Celeriac, aka celery root, are not attractive. They’re lumpish brown globes with the farm’s soil clinging to the hairy root at one end and, sometimes, a clump of short, leafy, and tough celery-like stalks protruding from the other. But they are delicious.
When I started importing olive oil I had to sell some to cover the costs. My friends could only buy so much, so I would walk around the farmers market passing out vegetable recipes that featured olive oil. If anyone seemed especially interested, I’d pull a bottle of oil out my backpack and try to sell it to them.
The recipes used the vegetables shoppers could find in the market, so I bought whatever was in season and looked for an appropriate recipe. I’d never eaten celery root and they looked daunting. But I bought one, took it home, and learned how to make the gnarly thing edible.
Google was a relative infant back then, but the top result from a search for ‘celery root recipes’ was always celeriac remoulade. This French bistro classic combines thinly cut celeriac, aka celery root, with an herby mayonnaise flavored with Dijon mustard. For my farmers market version, I doctored up mayo from the jar with olive oil, mustard, and parsley.
When we first went to New Orleans a few years later, I discovered another remoulade. In the American South it gets spicier and more colorful, and I adapted my version to include horseradish, Crystal hot sauce, Worcestershire, pickled peppers, and a shot of ketchup. I was making some not long ago, and when I reached for the jar of Mama Lil’s peppers, the Choi’s kimchi was right next to it. And that’s how I got to kimchi remoulade, with no apologies to Larousse.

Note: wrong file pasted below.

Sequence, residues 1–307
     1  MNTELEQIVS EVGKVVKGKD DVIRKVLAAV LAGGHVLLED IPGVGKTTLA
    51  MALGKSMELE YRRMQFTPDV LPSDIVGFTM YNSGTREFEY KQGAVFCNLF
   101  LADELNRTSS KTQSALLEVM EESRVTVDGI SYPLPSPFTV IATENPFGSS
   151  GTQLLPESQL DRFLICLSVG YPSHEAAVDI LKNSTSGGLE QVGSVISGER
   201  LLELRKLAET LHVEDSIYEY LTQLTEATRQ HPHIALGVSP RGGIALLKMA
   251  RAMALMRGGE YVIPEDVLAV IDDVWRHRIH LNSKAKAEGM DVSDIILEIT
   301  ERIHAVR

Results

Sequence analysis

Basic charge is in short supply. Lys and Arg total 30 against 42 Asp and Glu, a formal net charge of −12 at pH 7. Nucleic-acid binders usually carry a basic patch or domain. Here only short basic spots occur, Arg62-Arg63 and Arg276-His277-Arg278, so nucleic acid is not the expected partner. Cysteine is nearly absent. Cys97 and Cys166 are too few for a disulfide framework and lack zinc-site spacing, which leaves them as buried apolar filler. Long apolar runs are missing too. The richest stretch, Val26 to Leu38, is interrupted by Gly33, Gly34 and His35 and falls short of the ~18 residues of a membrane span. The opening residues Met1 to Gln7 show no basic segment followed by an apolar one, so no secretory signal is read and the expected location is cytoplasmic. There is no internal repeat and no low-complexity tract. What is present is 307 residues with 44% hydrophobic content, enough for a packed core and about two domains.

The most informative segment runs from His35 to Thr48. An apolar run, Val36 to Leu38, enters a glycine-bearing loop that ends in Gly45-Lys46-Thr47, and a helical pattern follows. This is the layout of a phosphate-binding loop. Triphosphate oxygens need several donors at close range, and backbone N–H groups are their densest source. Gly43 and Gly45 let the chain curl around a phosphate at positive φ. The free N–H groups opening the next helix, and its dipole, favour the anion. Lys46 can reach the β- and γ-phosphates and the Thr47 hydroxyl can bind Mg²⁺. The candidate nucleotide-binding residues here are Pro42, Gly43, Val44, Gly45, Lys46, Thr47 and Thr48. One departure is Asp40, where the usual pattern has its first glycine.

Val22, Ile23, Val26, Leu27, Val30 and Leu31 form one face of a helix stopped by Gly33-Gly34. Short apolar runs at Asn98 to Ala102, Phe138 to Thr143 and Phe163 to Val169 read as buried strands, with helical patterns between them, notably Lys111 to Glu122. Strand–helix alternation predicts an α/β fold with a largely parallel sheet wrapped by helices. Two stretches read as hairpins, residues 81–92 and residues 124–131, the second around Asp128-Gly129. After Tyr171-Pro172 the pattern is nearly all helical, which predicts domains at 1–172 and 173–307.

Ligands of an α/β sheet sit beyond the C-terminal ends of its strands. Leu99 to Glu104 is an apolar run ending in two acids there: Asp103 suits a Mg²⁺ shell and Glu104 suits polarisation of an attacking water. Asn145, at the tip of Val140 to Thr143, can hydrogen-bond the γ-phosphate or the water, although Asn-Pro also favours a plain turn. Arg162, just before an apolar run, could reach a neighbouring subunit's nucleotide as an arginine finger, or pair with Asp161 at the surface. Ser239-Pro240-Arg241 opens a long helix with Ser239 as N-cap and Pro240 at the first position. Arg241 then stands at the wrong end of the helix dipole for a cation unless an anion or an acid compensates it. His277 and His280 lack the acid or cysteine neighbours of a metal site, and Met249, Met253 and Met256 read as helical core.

One last note about the celeriac. While some versions of this salad call for grating it, I think the texture suffers if the pieces are too fine. It takes longer, but it’s worth it to cut the celeriac (and carrots) into matchsticks, pieces roughly ⅛ inch square and about an inch and half long. Don’t worry if they’re not perfectly uniform, it’s just a salad.
I met Chong Choi when she and her son Matt brought her kimchi to the Portland Farmers Market more than 10 years ago. Chong grew up helping her mother make kimchi in Korea. “In Korean communities,” Choi said in a Willamette Week article, “there’s usually a person who makes really good kimchi who supplies everybody. My mom was that person.”
I took a class from them so I could make it myself, but I like Choi’s better. The Portland food community was stunned when Matt was killed in 2020, and I think of his smile every time I open the jar.